OPINION: Get out there and vote


Photo credit/ Alex Weidner

Scranton residents show their support for local candidates with yard signs.

Alex Weidner, Managing Editor

America is a democracy, and we the people have all the power. That is, if we choose to use it.

It’s important to vote in presidential elections. The fate of the nation rests in that single day, for at least the next four years. But that little voter registration card isn’t useless for every single one of the 1,460 or so days between every presidential election.

It’s time to cast your ballots again, America!

You’ve seen the yard signs here in Scranton. Courtwright For Mayor! Talerico! Scanlon! Novak! The list goes on.

And those names matter, just as much as the names at the top of the ballot last November. If it’s change in your community you’re looking for, look no further than these local off-year elections. Pay attention to the issues — which mayor, district attorney, magistrate or congressman is going to make the most difference right at home?

But those differences can’t be made if nobody gets out and votes.

In 2016, estimates put the voter turnout at about 60 percent of the total population that qualifies to vote, regardless of registration. These numbers are on par with others reported by electproject.org for each presidential election. Voter turnout hovers around that 60 percent mark.

But in the last 17 years, midterm election turnout has been around 40 percent of the total eligible population, and even sunk below 36 percent in 2014. Data on voter turnout in off-year elections like this one, those occurring between presidential and midterm election years, is sparse online. But it’s safe to conclude that if 20 percent less people vote in the midterms, there won’t be a huge voter turnout for these off-year elections compared to the presidential election.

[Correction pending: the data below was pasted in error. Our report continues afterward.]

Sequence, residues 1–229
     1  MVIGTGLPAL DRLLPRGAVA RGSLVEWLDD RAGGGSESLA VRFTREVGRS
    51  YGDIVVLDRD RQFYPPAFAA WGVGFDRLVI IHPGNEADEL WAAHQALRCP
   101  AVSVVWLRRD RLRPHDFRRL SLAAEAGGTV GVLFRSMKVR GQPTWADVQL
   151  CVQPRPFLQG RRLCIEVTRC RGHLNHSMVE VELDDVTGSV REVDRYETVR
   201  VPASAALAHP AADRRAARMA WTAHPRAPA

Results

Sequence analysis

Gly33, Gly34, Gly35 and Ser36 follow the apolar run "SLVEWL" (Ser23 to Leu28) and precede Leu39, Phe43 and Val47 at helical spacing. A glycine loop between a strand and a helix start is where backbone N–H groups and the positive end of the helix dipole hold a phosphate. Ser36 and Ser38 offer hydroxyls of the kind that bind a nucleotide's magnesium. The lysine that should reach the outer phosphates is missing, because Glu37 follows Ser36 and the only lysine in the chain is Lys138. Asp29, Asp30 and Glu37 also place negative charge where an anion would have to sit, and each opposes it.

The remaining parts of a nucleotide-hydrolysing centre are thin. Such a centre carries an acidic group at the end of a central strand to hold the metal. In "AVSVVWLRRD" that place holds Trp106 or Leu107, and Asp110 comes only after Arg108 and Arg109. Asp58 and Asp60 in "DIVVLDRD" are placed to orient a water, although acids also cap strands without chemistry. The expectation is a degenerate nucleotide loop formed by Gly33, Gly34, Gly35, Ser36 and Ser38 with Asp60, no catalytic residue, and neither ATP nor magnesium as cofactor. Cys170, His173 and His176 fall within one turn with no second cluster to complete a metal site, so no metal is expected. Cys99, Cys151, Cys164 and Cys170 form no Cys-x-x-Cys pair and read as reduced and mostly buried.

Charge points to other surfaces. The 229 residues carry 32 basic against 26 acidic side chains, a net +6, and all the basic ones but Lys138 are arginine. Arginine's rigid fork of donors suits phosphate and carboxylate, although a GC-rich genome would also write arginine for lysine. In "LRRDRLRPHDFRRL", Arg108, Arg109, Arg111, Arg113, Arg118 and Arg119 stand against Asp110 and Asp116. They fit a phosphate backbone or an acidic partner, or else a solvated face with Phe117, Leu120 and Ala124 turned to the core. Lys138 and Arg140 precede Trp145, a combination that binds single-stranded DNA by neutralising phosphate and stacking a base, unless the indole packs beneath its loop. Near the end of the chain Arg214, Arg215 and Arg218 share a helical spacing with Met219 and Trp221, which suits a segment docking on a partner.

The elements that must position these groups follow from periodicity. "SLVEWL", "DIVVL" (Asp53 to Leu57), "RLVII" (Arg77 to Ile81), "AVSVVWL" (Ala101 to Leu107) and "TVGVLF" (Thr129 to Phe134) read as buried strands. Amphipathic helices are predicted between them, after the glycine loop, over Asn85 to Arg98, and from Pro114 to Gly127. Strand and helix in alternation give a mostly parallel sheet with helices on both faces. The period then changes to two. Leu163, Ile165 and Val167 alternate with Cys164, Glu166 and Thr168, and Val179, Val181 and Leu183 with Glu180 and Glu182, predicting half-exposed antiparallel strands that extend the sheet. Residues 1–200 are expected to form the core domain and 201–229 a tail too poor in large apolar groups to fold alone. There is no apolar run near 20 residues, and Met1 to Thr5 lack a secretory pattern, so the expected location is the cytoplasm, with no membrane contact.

Today, go to your local polling place and bring that statistic up. If you’re mad about the construction project causing a ruckus down the block, or the awful condition of the city roads you travel every day, or you’re looking for reform in the local schools, it’s the local elections that are going to make a difference.

You have the say in what goes on in your communities. That’s why this country is so great. We as citizens are given the ability to vote for every level of public office from the local councilperson to the president.

This is your duty, America. You have a voice. Let it be heard.

Contact the writer: [email protected]
Twitter: @WeidnerTWW